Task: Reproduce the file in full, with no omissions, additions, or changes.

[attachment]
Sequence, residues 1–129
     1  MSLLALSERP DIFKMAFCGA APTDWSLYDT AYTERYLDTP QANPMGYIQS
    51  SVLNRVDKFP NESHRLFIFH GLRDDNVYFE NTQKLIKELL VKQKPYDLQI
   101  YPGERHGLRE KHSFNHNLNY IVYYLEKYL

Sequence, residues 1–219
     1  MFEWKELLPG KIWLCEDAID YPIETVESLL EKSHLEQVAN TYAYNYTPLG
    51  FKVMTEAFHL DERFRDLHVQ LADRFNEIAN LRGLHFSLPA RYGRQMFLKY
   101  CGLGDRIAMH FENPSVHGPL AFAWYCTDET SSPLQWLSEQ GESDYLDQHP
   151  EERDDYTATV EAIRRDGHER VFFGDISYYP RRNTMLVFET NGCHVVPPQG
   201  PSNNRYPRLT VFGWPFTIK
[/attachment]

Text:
Sequence, residues 1–129
     1  MSLLALSERP DIFKMAFCGA APTDWSLYDT AYTERYLDTP QANPMGYIQS
    51  SVLNRVDKFP NESHRLFIFH GLRDDNVYFE NTQKLIKELL VKQKPYDLQI
   101  YPGERHGLRE KHSFNHNLNY IVYYLEKYL

Sequence, residues 1–219
     1  MFEWKELLPG KIWLCEDAID YPIETVESLL EKSHLEQVAN TYAYNYTPLG
    51  FKVMTEAFHL DERFRDLHVQ LADRFNEIAN LRGLHFSLPA RYGRQMFLKY
   101  CGLGDRIAMH FENPSVHGPL AFAWYCTDET SSPLQWLSEQ GESDYLDQHP
   151  EERDDYTATV EAIRRDGHER VFFGDISYYP RRNTMLVFET NGCHVVPPQG
   201  PSNNRYPRLT VFGWPFTIK